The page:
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Is there any need of two ands in this sentence?

The so called Rational Supernaturalism admits the supernatural revelation in holy scripture, and puts reason alongside of it as an equally legitimate source of religious knowledge, and maintains the rationality of the contents of revelation.
Source: Church history by Kurtz, J. H. (Johann Heinrich), 1809-1890; Macpherson, John; p.196

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    at times, need depends on the style! – Maulik V Nov 21 '15 at 8:15
  • Sometimes it is required to use two "AND" in one sentence. This is the comment of a great person: Only two things are infinite, the universe and human stupidity, and I'm not sure about the former. Source: englishact.com/Quotations/AlbertEinstein.php – Asif Iqbal Nov 21 '15 at 10:19
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    You could indeed remove the first and, and the sentence would still be grammatically correct. – J.R. Nov 21 '15 at 12:00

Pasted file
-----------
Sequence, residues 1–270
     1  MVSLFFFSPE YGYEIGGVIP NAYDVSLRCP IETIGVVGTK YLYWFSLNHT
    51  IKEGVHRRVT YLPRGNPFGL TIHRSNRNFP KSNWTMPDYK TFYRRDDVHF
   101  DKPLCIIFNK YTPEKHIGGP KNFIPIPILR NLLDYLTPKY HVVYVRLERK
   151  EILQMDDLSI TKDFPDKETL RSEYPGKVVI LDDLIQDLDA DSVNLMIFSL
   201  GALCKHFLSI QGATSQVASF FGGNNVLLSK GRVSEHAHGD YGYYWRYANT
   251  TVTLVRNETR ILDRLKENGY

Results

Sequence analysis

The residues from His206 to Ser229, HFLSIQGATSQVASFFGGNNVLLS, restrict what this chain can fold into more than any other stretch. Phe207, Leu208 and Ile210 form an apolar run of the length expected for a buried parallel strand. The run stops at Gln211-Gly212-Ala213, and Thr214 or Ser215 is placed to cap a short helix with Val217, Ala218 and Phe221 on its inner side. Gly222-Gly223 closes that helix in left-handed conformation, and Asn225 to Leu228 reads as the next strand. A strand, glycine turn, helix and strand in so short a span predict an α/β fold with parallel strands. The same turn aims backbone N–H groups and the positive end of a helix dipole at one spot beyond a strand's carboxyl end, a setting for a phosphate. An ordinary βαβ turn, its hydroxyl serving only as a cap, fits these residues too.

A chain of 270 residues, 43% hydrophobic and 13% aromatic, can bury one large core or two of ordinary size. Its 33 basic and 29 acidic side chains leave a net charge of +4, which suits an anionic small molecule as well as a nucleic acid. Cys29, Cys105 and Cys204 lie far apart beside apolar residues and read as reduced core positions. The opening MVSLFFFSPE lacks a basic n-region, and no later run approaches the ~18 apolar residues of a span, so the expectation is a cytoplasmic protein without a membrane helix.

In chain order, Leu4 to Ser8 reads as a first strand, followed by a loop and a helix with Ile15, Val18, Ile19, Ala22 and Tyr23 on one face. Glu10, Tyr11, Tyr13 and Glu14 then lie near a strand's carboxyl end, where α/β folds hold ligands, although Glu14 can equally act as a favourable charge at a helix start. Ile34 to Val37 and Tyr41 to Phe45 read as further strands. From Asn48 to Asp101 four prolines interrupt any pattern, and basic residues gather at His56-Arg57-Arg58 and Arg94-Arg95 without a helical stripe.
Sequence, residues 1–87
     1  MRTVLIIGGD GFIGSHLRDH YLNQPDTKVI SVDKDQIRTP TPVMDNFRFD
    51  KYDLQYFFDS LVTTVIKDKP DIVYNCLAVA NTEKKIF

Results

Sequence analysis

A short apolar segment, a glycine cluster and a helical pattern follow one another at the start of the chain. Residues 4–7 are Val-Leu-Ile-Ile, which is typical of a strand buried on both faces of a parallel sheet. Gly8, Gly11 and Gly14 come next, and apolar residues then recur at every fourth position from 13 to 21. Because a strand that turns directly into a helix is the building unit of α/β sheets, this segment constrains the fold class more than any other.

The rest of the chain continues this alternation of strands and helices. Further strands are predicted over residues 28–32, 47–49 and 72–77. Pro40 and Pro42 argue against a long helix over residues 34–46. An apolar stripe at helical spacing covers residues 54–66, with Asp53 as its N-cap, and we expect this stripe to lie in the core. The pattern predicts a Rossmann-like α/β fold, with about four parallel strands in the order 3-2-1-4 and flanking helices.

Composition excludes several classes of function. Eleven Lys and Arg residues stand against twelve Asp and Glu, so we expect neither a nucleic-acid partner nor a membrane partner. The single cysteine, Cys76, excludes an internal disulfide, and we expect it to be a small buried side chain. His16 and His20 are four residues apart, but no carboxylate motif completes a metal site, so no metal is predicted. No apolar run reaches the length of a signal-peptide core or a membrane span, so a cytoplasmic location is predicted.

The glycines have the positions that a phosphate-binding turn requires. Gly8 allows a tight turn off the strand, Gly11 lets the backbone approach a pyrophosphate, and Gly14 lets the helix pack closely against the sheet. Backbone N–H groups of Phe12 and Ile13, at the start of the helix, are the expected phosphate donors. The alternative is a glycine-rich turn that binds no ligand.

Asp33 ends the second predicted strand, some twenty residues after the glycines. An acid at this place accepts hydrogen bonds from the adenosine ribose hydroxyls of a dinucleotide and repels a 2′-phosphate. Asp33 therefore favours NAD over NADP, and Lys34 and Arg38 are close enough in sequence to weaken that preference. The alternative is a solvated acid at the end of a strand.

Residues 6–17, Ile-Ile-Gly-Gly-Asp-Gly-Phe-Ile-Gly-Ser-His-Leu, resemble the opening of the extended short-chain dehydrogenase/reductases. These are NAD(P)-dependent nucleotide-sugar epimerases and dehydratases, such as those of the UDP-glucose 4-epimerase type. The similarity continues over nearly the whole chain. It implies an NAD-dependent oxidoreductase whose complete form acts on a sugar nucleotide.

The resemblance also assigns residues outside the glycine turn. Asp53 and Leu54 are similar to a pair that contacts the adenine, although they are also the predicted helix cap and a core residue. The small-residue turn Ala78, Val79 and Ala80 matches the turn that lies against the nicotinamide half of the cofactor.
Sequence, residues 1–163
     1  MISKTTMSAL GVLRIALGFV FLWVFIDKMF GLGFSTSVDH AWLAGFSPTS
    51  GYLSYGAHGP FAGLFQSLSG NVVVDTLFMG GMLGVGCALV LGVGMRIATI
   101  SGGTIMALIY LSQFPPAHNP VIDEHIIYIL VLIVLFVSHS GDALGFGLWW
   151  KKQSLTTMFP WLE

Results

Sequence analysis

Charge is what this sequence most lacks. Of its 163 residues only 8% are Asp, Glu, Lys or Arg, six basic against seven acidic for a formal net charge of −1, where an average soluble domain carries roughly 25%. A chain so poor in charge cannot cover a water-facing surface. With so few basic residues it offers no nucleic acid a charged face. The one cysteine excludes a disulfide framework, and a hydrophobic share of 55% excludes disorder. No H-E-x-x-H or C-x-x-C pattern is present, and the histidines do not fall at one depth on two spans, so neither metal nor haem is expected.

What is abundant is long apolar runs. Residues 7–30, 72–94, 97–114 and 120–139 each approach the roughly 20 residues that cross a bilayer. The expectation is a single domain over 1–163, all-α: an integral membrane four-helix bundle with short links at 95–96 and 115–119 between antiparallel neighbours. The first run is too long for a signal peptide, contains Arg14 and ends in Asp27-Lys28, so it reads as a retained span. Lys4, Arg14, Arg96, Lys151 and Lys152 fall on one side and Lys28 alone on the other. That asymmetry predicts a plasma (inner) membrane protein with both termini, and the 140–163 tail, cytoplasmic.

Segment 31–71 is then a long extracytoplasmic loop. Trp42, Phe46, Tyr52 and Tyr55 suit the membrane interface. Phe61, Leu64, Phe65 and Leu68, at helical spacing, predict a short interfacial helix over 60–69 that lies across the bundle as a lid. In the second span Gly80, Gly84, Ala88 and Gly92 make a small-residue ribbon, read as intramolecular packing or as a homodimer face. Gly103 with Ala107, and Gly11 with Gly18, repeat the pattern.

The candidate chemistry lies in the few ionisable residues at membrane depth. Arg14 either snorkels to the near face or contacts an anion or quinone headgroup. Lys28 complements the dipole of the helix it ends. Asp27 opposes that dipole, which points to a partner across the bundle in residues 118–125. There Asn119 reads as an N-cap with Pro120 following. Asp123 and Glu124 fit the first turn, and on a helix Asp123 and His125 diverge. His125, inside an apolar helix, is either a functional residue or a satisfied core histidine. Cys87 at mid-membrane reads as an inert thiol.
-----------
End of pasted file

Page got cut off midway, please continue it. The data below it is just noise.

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As several commenters have pointed out, the answer to your question is: no. In this particular case, the two and are assisting the commas in separating the elements of a series. The first and is superfluous, thus we could remove it without violating any rules of grammar.

Asif Iqbal's comment, however, brings up an interesting example (contentiously ascribed to Albert Einstein):

Two things are infinite, the universe and human stupidity, and I am not yet completely sure about the former.

In this case, we have two and words but they are performing different roles: the first separates the elements of a binary series; the second, however, is a conjunction for an independent clause.

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